I’m not a fan of sweet foods but when I was living in the south Philippines I enjoyed a type of small banana that had a very interesting flavour when green but sweet when ripened. A somewhat unexplainable starchy pasta type taste, I’m wondering if using sliced uncooked green plantains would have a similar flavour? Using your recipe above with these I think would be a different alternative to the sweet taste I try to avoid. I’m guessing more liquid in the meat sauce would be necessary. What do you think of this idea? Perhaps there is already something like this I’ve overlooked.
    Dave the Foodie.

    • Marta Rivera

      It really won’t, Dave. But, the great thing about our cuisine is that you can make it what you want. Truth be told, I cannot stand sweet plantains on their own (not a huge fan of sweet and savory together). In this dish, however, the sweetness is not cloying, so it only gives the slightest hint of sweet.
      I have to assume that the banana you tasted in the Philippines is the same as our plantains. If you do opt for using the green, the method to peel and slice will be the same. You will definitely need more sauce as the plantains will fry up to a crispy chip-like) texture instead of a soft one like the sweet. I would double the amount of tomato sauce and the powdered seasonings as well.
      Let me know how it turns out!

  • Ruby Soria

    Hello Marta,
    I agree with your honey, no cheese!
    Also, no green beans nor raisins. The plantains are already sweet. The green beans if one must add be sure to cut them bite size. Thanks for bringing my beloved PR dish to the limelight.

    • Marta Rivera

      NOOOOOOO Ruby!! Say it ain’t sooo!!! I’m glad my man has someone on his side, though. He was starting to feel lonely! I’ll let him know he has support. Abrazos!

  • Jan

    Aye bendito!! I spent eight wonderful years in Puerto Rico and this was one of my favorites. I haven’t made it yet but I sure will. Thank you!!!

    • Marta Rivera

      De nada!!! I miss that beautiful island so much, don’t you?

  • Sharon

    Is it possible to make this without frying the plantains? Perhaps oven-roasting the slices first?

    • Marta Rivera

      Hi Sharon!
      GREAT question! You most certainly can roast the plantain slices in the oven prior to assembling the pastelón. Preheat your oven to 425°F. You want a high-heat to get the slices caramelized. Grease a sheet pan lightly to prevent the slices from sticking once they start to release those sugars. Roast for 6-8 minutes (keep an eye on them to make sure they’re not browning too fast), then flip and roast about 3-4 minutes more.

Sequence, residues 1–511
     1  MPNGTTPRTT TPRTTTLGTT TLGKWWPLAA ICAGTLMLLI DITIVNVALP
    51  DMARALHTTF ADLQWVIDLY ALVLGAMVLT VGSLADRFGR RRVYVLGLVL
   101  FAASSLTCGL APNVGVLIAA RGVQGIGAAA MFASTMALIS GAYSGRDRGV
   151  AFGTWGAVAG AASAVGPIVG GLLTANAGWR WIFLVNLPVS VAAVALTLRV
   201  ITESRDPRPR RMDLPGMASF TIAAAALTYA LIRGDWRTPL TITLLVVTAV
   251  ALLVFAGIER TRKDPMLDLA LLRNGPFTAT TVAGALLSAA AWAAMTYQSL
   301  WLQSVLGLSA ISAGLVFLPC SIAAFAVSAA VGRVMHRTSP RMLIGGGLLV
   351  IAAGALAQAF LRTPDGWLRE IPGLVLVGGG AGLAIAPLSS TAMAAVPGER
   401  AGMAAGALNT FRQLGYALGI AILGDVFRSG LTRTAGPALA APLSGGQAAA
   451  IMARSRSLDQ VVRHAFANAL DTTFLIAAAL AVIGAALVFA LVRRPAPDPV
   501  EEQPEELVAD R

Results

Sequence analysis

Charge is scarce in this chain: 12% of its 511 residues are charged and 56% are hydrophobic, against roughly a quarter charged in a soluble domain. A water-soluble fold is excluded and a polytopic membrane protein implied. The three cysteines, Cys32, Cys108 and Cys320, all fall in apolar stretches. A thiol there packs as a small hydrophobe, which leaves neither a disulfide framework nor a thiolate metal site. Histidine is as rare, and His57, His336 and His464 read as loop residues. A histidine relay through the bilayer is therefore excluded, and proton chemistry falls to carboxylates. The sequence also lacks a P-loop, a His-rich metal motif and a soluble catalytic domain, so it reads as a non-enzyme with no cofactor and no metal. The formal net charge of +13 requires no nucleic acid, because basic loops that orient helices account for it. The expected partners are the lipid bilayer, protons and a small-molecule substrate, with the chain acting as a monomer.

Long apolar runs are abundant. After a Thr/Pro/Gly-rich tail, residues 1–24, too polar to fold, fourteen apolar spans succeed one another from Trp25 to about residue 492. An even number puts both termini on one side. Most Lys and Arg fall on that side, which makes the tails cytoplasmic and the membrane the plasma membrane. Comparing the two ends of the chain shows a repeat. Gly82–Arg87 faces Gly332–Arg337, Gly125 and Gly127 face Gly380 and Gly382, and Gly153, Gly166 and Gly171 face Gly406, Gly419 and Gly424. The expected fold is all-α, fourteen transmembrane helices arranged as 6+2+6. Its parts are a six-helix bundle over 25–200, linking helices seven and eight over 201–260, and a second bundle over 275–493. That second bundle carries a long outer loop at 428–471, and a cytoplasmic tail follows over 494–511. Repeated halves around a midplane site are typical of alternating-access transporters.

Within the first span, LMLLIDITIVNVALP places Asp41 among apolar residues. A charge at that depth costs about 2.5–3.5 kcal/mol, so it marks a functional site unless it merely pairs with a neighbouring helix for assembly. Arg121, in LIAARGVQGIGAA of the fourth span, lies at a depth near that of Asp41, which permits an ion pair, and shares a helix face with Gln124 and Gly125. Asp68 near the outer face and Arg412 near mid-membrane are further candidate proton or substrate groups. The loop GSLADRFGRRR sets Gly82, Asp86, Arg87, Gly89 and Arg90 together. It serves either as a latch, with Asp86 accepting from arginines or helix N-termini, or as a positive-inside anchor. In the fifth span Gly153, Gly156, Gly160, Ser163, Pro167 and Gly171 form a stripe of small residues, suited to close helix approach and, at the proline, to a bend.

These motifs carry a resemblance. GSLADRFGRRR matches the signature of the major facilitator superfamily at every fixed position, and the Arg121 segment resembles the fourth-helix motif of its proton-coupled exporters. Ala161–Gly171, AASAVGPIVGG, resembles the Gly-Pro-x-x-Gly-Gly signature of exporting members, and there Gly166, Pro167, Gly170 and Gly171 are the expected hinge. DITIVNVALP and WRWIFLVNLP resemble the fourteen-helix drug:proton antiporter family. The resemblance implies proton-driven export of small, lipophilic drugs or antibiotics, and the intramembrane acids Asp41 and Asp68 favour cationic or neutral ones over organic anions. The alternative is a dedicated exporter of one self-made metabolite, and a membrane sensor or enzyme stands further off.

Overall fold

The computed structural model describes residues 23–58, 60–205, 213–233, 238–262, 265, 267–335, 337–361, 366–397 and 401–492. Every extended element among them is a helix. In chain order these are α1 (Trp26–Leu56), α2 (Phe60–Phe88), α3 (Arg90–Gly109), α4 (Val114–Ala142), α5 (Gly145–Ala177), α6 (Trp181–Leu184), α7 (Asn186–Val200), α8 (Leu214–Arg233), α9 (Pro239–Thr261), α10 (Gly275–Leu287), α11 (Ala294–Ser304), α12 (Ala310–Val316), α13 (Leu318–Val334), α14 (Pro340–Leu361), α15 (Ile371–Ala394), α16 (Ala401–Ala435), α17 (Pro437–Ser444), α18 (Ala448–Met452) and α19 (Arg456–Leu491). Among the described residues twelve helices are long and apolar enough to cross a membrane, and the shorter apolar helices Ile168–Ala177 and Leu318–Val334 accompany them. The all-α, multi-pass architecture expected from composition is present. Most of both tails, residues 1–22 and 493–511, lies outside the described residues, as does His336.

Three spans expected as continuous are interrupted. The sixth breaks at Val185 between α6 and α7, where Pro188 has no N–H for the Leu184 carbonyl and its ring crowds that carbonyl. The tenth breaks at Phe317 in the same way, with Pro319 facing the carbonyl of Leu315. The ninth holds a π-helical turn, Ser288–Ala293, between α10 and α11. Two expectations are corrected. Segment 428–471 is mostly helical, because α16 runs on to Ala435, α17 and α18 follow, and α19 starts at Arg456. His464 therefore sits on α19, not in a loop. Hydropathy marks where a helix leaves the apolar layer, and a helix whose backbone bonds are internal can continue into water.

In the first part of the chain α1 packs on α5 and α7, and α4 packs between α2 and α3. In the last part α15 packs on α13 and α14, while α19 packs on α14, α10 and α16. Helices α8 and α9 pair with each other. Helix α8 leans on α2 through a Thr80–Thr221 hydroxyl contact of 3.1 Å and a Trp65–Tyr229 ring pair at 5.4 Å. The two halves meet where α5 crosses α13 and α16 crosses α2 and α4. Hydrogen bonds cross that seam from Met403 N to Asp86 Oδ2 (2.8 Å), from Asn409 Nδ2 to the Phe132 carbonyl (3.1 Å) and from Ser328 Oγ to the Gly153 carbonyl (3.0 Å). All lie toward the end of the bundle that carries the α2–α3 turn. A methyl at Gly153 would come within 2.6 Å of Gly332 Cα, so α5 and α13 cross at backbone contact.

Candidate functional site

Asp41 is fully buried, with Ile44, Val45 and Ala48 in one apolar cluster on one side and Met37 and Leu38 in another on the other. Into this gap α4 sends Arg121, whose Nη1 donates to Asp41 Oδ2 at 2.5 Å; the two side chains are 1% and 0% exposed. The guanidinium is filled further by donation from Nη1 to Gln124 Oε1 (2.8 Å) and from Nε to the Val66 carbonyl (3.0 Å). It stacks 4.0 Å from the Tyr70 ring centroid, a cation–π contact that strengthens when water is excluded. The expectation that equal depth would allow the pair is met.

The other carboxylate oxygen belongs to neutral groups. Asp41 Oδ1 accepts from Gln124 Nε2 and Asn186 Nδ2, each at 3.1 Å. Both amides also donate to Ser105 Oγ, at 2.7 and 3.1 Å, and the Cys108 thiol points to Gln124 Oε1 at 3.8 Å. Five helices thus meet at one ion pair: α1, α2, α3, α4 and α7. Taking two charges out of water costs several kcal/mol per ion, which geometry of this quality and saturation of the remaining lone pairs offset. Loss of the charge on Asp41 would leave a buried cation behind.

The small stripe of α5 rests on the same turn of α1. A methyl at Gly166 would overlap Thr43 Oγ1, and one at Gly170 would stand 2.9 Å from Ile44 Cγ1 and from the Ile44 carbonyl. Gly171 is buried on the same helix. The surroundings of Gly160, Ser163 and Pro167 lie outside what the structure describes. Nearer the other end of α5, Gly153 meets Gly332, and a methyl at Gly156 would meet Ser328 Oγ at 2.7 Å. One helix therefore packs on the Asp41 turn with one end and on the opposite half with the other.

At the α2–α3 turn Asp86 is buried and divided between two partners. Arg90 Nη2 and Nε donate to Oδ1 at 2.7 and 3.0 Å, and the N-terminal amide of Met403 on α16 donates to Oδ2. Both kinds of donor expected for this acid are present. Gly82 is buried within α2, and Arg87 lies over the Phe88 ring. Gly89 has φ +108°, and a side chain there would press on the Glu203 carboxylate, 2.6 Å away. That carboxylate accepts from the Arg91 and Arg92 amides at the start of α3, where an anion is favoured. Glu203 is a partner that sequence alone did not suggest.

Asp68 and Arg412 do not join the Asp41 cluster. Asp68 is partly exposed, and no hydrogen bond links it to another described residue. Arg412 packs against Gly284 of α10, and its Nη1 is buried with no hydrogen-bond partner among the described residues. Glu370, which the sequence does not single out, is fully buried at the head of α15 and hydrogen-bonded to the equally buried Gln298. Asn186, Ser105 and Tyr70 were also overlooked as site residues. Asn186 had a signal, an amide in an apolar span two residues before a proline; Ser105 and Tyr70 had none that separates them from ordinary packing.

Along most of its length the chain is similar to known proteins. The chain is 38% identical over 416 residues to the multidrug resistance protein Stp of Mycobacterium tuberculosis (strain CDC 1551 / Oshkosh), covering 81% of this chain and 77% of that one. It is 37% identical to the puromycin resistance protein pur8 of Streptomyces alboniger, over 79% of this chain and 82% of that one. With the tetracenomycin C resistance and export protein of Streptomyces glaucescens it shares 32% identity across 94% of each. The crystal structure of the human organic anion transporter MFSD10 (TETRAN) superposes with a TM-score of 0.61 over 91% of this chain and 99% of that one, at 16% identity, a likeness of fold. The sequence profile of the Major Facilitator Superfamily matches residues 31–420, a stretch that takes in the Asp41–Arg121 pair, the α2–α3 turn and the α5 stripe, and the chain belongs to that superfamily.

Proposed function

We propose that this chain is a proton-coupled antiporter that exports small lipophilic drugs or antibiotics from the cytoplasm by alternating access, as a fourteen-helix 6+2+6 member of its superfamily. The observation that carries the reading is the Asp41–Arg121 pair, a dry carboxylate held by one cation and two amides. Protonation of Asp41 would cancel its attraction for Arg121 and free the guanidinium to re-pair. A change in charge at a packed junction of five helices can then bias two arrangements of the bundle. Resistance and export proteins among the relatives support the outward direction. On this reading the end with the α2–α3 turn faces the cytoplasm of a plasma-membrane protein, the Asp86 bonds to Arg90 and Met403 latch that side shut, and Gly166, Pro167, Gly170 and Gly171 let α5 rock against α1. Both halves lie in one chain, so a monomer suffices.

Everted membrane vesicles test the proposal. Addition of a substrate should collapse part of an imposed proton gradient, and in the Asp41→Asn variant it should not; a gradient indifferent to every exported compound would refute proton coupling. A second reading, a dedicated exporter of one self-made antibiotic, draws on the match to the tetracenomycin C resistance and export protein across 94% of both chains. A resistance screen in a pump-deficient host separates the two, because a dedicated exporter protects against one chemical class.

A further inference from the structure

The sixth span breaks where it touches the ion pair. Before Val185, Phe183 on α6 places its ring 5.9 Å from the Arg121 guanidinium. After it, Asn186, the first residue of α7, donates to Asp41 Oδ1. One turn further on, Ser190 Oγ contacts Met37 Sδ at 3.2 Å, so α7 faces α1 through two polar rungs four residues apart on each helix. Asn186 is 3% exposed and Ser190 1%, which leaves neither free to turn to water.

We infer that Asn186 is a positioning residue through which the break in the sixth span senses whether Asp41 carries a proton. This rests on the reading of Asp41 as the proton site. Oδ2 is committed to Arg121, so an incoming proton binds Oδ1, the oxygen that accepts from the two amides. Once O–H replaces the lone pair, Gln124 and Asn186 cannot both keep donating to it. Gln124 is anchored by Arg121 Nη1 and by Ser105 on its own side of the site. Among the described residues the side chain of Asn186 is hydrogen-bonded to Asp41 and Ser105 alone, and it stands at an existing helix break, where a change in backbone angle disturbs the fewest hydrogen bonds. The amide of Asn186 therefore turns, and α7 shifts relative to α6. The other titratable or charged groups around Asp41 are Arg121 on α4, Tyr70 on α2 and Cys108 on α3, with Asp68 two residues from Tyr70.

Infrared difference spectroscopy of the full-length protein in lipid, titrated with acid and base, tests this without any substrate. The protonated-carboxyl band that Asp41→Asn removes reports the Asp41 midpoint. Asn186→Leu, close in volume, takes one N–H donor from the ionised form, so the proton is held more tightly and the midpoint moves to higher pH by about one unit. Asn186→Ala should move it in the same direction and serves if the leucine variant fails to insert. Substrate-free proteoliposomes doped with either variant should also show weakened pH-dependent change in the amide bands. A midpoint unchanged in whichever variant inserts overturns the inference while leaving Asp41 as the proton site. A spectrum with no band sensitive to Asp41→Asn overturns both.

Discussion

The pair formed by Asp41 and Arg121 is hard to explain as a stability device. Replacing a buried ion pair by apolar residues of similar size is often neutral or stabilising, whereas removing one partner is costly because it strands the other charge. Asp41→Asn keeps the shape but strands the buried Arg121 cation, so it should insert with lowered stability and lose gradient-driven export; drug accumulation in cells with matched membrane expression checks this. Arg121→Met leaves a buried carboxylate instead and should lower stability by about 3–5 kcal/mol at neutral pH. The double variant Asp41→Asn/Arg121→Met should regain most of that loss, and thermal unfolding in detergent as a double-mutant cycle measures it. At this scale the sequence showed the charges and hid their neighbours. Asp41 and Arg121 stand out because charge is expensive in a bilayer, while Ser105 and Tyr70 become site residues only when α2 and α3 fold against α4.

Again, keep an eye on your slices as everyone’s oven is different. The goal is to get them caramelized as we do when frying. Hope you enjoy this method!

      • Lourdes

        Yes. The way I do it is not frying the plantains. I boil them and then mashed them!

  • Riddhima Nair

    Looks great, thanks.

  • Taisha

    Looks great, will make. I’ve made before but not entirely the traditional way.

    Lorri Glennon, if you visit Sweets and Beyond on YouTube she has a video for the dishes that you are looking for. Check her out.

  • Alty

    As a true blue Puertorican, married to a true blue Nuyorican, I can attest to the fact that cheese has never been part of this recipe. The rest of it is pretty accurate. It seems chefs in this country are not happy unless there’s cheese added to just about every recipe. However, I thank you for bringing attention to our cuisine so more people can enjoy it.

    • Marta Rivera

      The great thing about our culture is the diversity. My mother was also a true blue Puerto Rican, and I’m a true blue Nuyorican. She and I both add cheese, so I don’t believe it’s just an U.S. thing.

    • Irving

      I agree. I am from PR. No cheese in pastelon.

  • Lorri Glennon

    My mother in law from Mayaguez PR taught me to make this but we call it Piñon. And has the green beans. Still one of my favorites. What I would like to see recipes for is Pasteles. And Boitos ? Banana ? Dumplings she used to make them and serve them on top of beans. So yum but it has been 30 years since I have had any

    • Marta Rivera

      Yes, Lorri, both pastelón and piñon are the names for this dish. I guess it’s a regional thing as me and my husband’s families are from the eastern and northeastern side of the island, respectively. No matter what you call, the dish tastes amazing, am I right?
      Bollitos de guineos are a classic dish, indeed! Great country cooking. Pasteles are so closely guarded among families, I find, but they certainly are a staple of our beautiful cuisine.
      Thank you for taking me down memory lane!

  • Rhonda @ Change In Seconds

    Wow lasagna with plantain!

    • Marta Rivera

      If you’ve never tried, you must, Rhonda! Something about the sweet and savory that takes it to a different level.